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I just found out about recursive functions about a few minutes back. I was playing around with them and now I am getting different outputs from the following functions:

int function(int m)   {
    m = 2*m;
    std::cout<<"In f m = "<<m<<std::endl;
    if(m > 20)
        return m;

int function2(int n)   {
    n = 2*n;
    std::cout<<"In f2 n = "<<n<<std::endl;
    if(n < 20)
    return n;

int main()  {
    int a = 2;
    std::cout <<"function(a) = "<<function(a)<<std::endl;
    std::cout <<"function2(a) = "<<function2(a);
    return 1;

To this I get the output:

In f m = 4
In f m = 8
In f m = 16
In f m = 32
function(a) = 32
In f2 n = 4
In f2 n = 8
In f2 n = 16
In f2 n = 32
function2(a) = 4

Shouldn't they both yield result of 32?

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Your first function is actually exhibiting undefined behavior because it is not returning a value if the base case isn't triggered. –  Charles Salvia Jun 30 '13 at 7:46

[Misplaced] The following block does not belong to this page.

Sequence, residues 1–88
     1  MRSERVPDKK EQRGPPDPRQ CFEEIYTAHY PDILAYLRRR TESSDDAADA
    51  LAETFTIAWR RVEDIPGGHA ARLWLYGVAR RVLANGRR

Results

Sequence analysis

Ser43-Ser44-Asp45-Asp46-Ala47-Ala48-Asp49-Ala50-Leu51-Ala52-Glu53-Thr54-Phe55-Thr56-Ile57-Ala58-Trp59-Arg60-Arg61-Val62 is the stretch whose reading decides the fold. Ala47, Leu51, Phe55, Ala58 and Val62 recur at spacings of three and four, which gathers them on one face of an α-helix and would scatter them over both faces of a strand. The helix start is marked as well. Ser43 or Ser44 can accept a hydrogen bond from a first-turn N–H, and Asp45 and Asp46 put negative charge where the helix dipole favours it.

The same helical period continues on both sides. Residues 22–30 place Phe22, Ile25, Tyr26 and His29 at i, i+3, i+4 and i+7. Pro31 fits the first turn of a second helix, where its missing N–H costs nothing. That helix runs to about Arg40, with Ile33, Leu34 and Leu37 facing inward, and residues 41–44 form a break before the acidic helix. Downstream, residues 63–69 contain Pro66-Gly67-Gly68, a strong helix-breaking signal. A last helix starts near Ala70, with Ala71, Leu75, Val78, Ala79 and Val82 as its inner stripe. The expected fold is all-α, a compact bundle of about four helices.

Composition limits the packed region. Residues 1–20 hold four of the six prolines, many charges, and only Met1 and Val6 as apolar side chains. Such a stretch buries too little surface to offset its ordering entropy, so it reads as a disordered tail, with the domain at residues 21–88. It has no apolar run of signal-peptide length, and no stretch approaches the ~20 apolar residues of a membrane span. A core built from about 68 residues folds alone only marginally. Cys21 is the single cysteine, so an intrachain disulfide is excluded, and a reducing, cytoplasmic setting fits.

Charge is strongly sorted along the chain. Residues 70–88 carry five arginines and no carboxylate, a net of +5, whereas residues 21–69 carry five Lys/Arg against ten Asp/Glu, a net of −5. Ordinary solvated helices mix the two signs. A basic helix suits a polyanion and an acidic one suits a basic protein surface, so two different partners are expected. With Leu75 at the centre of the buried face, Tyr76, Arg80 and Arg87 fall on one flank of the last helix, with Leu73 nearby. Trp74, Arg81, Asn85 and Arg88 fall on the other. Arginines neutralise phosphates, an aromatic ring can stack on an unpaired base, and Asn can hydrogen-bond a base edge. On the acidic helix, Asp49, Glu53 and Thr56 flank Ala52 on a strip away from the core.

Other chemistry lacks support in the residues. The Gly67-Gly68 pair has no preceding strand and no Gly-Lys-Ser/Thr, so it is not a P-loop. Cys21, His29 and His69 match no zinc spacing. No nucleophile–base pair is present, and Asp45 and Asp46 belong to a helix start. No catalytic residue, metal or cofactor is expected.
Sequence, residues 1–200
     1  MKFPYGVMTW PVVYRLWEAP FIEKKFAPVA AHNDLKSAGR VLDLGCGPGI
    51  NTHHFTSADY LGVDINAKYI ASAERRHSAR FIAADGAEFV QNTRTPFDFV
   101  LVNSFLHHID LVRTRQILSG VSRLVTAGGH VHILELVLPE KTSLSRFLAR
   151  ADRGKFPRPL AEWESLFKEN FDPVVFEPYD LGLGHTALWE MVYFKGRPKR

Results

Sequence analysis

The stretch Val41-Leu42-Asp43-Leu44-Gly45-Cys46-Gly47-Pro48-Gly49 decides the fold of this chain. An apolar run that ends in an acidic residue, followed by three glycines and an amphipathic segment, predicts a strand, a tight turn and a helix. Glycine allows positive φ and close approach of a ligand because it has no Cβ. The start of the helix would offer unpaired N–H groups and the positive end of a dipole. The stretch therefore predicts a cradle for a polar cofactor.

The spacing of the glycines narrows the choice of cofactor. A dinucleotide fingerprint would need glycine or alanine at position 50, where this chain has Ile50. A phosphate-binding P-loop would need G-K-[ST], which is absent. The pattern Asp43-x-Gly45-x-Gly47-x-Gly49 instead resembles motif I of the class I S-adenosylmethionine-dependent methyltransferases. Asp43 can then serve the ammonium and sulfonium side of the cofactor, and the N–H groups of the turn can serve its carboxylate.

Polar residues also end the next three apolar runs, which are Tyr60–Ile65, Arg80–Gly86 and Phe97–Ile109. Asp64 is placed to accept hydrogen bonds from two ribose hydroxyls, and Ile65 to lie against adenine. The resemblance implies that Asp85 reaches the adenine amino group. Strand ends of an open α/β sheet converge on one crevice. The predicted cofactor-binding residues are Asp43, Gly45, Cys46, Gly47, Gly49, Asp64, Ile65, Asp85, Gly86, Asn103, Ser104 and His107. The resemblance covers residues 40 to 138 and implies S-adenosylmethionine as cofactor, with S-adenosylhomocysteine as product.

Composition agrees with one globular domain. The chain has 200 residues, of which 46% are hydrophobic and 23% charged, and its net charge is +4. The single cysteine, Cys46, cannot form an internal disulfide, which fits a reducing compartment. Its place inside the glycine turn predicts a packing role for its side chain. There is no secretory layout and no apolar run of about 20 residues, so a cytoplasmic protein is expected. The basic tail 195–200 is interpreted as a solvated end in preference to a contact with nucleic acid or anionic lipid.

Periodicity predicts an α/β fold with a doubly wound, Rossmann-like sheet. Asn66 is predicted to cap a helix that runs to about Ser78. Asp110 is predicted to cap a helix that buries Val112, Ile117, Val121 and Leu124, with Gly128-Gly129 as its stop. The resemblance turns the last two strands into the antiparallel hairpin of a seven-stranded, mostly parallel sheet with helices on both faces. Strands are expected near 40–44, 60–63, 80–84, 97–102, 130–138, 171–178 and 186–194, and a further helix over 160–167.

@CharlesSalvia What do u mean by 'base case' here? –  Colorless Photon Jun 30 '13 at 8:02

2 Answers 2

up vote 3 down vote accepted

Because you only do return n and don't assign it from the recursive calls, so it will for the first call always be 4.

You should to e.g.

if(n < 20)
    n = function2(n);
return n;
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That fixed it! Don't know why I didn't notice that. –  Colorless Photon Jun 30 '13 at 8:03
I should have noticed that n is local to every function call. –  Colorless Photon Jun 30 '13 at 8:47

Actually in function2,whether n less than or greater than 20 or not,statement return n will always be executed as the if statement will not return.so when you pass the argument a=2 in function2, it will return 4.If u want both of them to return the same result. u can modify function2 like

if(n < 20)
    return n;
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